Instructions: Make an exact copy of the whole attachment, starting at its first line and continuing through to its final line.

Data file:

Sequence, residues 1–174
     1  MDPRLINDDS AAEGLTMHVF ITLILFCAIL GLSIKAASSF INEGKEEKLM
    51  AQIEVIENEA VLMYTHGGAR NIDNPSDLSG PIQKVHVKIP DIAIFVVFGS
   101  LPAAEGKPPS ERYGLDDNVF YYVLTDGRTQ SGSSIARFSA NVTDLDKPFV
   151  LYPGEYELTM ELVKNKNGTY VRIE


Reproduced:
Sequence, residues 1–174
     1  MDPRLINDDS AAEGLTMHVF ITLILFCAIL GLSIKAASSF INEGKEEKLM
    51  AQIEVIENEA VLMYTHGGAR NIDNPSDLSG PIQKVHVKIP DIAIFVVFGS
   101  LPAAEGKPPS ERYGLDDNVF YYVLTDGRTQ SGSSIARFSA NVTDLDKPFV
   151  LYPGEYELTM ELVKNKNGTY VRIE